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Undergraduates appraise effectiveness of sexual harassment prohibition bill



Following the BBC sex-for-grades documentary and its fad on social media, the National Assembly has revisited the sexual harassment prohibition bill which was first proposed under former Senate President, Bukola Saraki but did not gain popular support.

Although, the bill is in no regard a propitiation for students but a hedger against such unethical practices by educators, chiefly in higher institutions.
The bill states that any person who commits any of the offences or acts of demanding sex intimidating a student or inducing another person to commit any act of sexual harassment, is guilty of an offence of felony and shall, on conviction, be sentenced to an imprisonment term of up to 14 years but not less than five years, without an option of a fine. 


This, however, has brought about disparaging comments from some Nigerian university students, as they argued that it might be a charade, owing to the fact that the country has become infamous to lawlessness.

A sociological student at the University of Benin (UNIBEN), Kenechukwu Samuel, sees the impracticability of the bill. Her reasons being that the society has been inflicted with the hearsay syndrome and there are no ardent followers of the law. 

According to her, “I am speaking as a Nigerian and honestly, I think this just a facade. If the lecturer is influential, it is certain that he would get away with it.”

But Ndidi Glory, a student from Salem University, Lokoja, thinks differently. She told Campus Circuit that, “the bill is possible and workable, as long as it has been conceived and that the right measures would be followed.  It should be made effective as soon as possible.”

She suggested that aside from the committee to be set up by the school as stated in the bill, some lecturers should be made watchdogs to complement the effort of the committee.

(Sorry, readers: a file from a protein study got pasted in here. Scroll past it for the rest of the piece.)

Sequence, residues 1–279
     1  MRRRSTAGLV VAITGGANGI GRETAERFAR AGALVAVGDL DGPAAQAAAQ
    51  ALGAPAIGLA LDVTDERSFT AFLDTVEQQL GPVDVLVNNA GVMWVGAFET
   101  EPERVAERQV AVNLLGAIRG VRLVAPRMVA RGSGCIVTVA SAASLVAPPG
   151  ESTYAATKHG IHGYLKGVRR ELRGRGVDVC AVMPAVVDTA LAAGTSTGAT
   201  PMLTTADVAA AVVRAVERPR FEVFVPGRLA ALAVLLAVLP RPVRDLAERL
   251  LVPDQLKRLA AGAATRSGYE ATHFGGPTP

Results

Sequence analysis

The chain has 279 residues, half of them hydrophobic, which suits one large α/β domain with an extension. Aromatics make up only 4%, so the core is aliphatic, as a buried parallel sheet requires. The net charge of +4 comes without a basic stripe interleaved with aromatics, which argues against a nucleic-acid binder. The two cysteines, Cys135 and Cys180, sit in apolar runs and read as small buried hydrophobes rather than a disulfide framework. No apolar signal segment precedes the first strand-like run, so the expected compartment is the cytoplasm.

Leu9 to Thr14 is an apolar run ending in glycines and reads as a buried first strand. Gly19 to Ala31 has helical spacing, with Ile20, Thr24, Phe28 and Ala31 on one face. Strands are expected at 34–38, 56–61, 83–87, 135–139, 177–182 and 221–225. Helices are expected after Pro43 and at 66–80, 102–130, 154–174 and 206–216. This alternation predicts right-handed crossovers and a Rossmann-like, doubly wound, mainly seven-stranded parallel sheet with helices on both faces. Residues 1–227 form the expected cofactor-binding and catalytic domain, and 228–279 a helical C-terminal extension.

Ogbuchukwu Chisom from the University of Ilorin is also hopeful that the bill will gain popular support and credence. She said, “it certainly will! As long as there are people who will stand for it. I strongly believe and I will lend my support, however it maybe.” 

For an alumnus of the National Open University, (NOUN), Obinna Victor, “I believe in the supremacy of the law. It should be passed to the law immediately so that it will take immediate effect.”
Surprisingly, some of the students found the penalty in the proposed bill as both ridiculous and inhumane. 
One of them is Aska Bulus, a student from Anchor University, Ayobo, Lagos, who condemned the 14-year jail term. 
She said, “I mean it is one thing to get exposed and be prosecuted for the act. But to be convicted for as long as 14 years is quite alarming.” 

To the satisfaction of some, the punishment is duly deserved as long as it aligns with the provisions of the law. It will also serve as a deterrent to others.

Oboh Osaze an alumnus of the University of Lagos, (UNILAG), expressed, “a lecturer jailed for 14 years is a good step in the right direction. A man who likes the opposite sex more than his job gets to a position in life where his job earns him self-respect and power over his subordinates and he finally seizes the opportunity to maximise his altered ego and desires (lustful) though, this punishment is not enough but it serves as a deterrent. The society at large needs to create a platform for people to air their views or abuse without being stigmatised.”

For Victor Nwene, a student of the Olabisi Onabanjo University (OOU), “if the law says this punishment is right for him, then it is right. At least it will serve as a lesson to other lecturers. What the government needs to do is to put the bill into law so as to take effect immediately.”


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